This mystery of the ineconomic allows for a metalyptic reconfiguration of heterodox Christianity. The mystery goes unexpressed in its raw depth, where it only exists as an invisible and unstable excluded potential from which expression might arrive. The course of its expression must pass through a series of contingent relays where it is conceptualized and figured. Expression in this sense is something like what heterodox Christians called emanation.

The mystery brews in the gaps of monetization which is divide into nationality, eroticism, food, travel, education, clothing, media, and art. It’s surging strains this representational net, though it only reaches the threshold of symbolic expression through sufficient marshalling. The scene of the event requires a long process of composition and the evolution of codes so that it can reach the threshold of expression.

The ineconomic mystery can be approached as a reinterpretation of Marxism. This concerns the theory of how contradictions in capitalist society get pushed onto exploited populations, until there reaches some limit where the contradiction boomerangs back and transforms the society. His model can be criticized for being too orthodox in its Christianity, which is to say that it remains too soteriological, or too closely connected with formalized monetary exchanges. This line of criticism has been overlooked because people are either confident that Marx was an atheist or else they are eager to brandish his orthodox religious credentials. The problem is how the Marxist emphasis on exploitation inscribes culpability, along with the heroic suffering of the exploited proletarian, which creates a transcendental religiosity. Though without this religiosity his thinking would have surely never spread, so we might say that his doctrine was spiked with opium. The essential mistake was how a naively idealistic economics is tragically caught up in the zero-sum logic of bourgeois accounting which stirs the cruel spirituality of ancient legalism.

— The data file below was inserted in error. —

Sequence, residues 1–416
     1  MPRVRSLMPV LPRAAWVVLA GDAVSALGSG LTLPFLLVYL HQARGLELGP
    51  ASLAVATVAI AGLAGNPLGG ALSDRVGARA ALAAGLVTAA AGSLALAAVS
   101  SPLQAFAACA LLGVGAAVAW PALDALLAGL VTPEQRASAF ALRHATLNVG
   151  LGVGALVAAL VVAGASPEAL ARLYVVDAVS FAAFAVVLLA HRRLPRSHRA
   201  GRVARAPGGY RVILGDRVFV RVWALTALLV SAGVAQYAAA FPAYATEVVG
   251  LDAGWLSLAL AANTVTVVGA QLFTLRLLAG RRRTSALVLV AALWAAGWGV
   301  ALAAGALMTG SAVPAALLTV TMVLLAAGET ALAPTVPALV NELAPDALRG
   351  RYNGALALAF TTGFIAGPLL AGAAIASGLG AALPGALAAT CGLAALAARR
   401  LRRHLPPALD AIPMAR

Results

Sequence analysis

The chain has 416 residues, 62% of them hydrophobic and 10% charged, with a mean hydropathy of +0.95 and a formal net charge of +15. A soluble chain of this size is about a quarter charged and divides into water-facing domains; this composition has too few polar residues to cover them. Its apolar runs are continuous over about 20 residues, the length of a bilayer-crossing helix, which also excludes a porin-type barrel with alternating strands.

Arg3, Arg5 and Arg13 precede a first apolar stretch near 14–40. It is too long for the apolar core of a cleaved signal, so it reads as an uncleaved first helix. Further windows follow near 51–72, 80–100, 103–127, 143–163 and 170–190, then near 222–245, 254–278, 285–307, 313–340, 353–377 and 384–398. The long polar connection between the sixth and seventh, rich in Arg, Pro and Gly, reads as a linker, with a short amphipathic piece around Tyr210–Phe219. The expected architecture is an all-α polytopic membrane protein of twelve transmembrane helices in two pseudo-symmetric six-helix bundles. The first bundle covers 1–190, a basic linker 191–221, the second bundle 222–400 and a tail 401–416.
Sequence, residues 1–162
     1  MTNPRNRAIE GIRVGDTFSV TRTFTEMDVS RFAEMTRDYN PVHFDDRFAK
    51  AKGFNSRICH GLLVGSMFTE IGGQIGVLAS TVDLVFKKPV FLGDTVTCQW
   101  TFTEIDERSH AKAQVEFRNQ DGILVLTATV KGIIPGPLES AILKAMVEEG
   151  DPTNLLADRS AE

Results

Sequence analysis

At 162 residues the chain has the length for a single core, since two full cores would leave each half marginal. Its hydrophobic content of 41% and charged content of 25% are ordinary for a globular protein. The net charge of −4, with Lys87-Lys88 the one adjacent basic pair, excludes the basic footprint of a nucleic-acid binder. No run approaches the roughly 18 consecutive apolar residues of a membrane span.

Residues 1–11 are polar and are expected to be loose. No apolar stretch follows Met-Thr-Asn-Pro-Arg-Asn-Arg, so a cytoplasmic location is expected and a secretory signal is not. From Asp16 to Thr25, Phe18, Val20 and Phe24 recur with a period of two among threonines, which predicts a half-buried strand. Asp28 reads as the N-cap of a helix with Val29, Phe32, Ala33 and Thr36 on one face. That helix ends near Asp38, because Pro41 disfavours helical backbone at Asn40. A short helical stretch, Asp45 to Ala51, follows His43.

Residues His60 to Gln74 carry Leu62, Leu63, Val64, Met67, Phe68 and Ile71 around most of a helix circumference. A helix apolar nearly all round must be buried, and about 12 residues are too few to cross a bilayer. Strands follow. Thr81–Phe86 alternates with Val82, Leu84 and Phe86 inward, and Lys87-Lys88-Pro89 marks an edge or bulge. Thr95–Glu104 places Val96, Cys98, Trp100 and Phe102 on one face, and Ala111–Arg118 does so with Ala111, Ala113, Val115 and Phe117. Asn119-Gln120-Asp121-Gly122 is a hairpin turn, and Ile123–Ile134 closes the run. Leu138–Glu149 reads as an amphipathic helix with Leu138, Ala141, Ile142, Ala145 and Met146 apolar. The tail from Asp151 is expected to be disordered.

Marx showed little appreciation for the unique characteristics of Germanic Christianity, and how the medieval mysteries evolved through the Reformation. In that tradition we can find resources for an economics of the incalculable. Marx criticized bourgeois economics for the unfairness of its calculations, but the more serious flaw was its overemphasis on calculation, and so his criticism ultimately exasperated this shortcoming. He called for superior calculation rather than the subtraction of calculation, and there he shared the archaism of the bourgeoisie. But in the writings of Paracelsus and Bohme we discover an aesthetic economy that refused both catholic and reformed orthodoxies, in that it refused to consider salvation as transactional and rejected the idea that suffering could be a payment. The rejection of clerical accounting allowed for the preservation of the mystery of the mysteries. This was the point where Nietzsche focused his opposition to orthodox Christianity, against the barbarism of soteriological calculation associated with the figure he called the Redeemer. The German alchemists made the mystery of incarnation into a zone of aesthetic incalculability, and this site provides unique resources for opposing liberal economics. But even George Bataille failed to recognize this opportunity. He mistakenly criticized Hegelian dialectics with Eckhardian negative theology and didn’t appreciate that Hegel’s aesthetic was Boehmian alchemy.